By Tom Mc Dermott
Ireland’s First Trout Hatchery 1852
Oughterard was not only the first trout hatchery in Ireland but it was also the first salmon hatchery, commencing operations in 1852. Of much greater significance is the fact that the first authoritative paper on hatchery management for Atlantic or Pacific salmon ever produced was based on the operation of this hatchery at Oughterard in 1853. Furthermore through a series of events in 1853, the claim that Oughterard is the birthplace of salmon farming in sea ponds as practiced world wide to day can be made. Evidence to support this claim exists in the “Report ofInspecting Commissioners of Fisheries for 1853’.
Inspecting Commissioner’s Report 1853
The report contained a special section on “ artificial propagation of salmon” as shown in the following extract – “the question of artificial production of fish has engaged much of the attention of the Inspecting Commissioners. They commenced to illustrate it practically by procuring from the Messrs. Ashworth (to whom Ireland is indebted for its introduction to this country), some salmon fry, which were produced for them at Oughterard in Galway, under the direction of Mr Rambsbottom of Clitheroe. These tiny fish were placed in a glass tank at the Great Industrial Exhibition in 1853, in Dublin. After this major event the fry were transferred to the Fishery Office where “ It occurred to us that a great desideratum connected with this question would be, ascertaining if possible, whether after the young fish had been produced they might not be kept within the control of the person whose skill and industry would entitle him to the advantages that might be derived.
The First “Sea Ponds”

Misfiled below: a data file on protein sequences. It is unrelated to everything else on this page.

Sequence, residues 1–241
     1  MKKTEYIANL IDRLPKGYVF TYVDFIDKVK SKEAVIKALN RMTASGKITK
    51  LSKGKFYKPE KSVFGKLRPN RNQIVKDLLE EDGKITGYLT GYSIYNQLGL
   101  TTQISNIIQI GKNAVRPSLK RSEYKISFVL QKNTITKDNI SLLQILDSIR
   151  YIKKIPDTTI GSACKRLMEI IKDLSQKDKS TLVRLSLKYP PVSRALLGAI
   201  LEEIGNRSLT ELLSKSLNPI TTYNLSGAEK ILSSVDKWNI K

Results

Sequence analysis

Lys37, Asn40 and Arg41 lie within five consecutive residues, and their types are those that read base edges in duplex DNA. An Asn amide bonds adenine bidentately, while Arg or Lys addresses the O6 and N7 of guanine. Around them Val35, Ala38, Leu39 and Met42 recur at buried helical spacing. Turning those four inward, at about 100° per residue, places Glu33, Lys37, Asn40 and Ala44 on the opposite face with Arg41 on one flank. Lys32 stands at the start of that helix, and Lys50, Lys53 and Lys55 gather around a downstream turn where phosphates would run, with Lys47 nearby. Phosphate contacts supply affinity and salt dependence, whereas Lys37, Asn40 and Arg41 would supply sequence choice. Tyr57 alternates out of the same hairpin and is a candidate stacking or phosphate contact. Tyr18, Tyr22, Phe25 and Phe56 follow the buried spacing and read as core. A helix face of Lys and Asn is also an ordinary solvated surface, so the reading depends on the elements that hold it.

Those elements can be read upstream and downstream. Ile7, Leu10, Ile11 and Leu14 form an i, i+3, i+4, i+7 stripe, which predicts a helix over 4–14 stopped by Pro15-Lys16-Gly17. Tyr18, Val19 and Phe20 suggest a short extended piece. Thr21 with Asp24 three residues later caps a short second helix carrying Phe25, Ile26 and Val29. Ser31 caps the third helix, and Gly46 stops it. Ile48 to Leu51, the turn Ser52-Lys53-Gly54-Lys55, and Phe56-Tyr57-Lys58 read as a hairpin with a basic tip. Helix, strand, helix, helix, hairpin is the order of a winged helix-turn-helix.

Following this line of investigation they created a “ sea pond” within which they placed the fry to grow. The Commissioners reported, “ They are watched by many persons anxious for the result of this experiment, and appear to be thriving well, and have increased considerably in size: Very small fish pass in through the grating from the Harbour, and the young salmon are seen feeding upon them. If this experiment should succeed in demonstrating that salmon may be successfully kept under control until they attain to a size rendering them valuable from an edible point of view, innumerable enclosures may be made around the coast. These enclosures may vary in extent, according to circumstances, and by these means the artificial production of salmon may be come of vast importance.” Though this did not come to pass for well over a century it demonstrated remarkable vision.
Transportation of ova to the Southern Hemisphere 1864
Finally it is possible, though further investigation is required to verify “that ova from this hatchery were the first to be transferred to the southern hemisphere in 1864. This information appears in “American Fish Culture”(1868) by Norris Thaddeus in which he discusses Mr Ashworth’s hatchery in Oughterard. Mr Norris states that by (1861-1862) “no less than a million and a half of ova were laid down” at this location. Further on in his article he reported that the first consignment of one hundred thousand salmon and three thousand trout eggs were placed in the hold of the ship “Norfolk” on the 21st of January 1864, destined for Melbourne, Australia. It will be interesting to find out which port the ship Norfolk departed from on the 21st of January 1864. A possible source of information is the “ Hobart Town Mercury” paper which published the results of this experiment based on the findings of the Vermount Fish Commissioners, Tasmania 1865.
The information presented is but a small sample from the papers available relating to this venerable establishment. Following upon the refurbishment by the dedicated group of anglers in Oughterard it may now be possible not only to enhance trout stocks in Lough Corrib, but to resume the Hatchery’s educational role and adapt it to a tourist demand for historical integrity located in outstanding scenery.
Note: Taken from the Oughterard Newsletter Summer 1994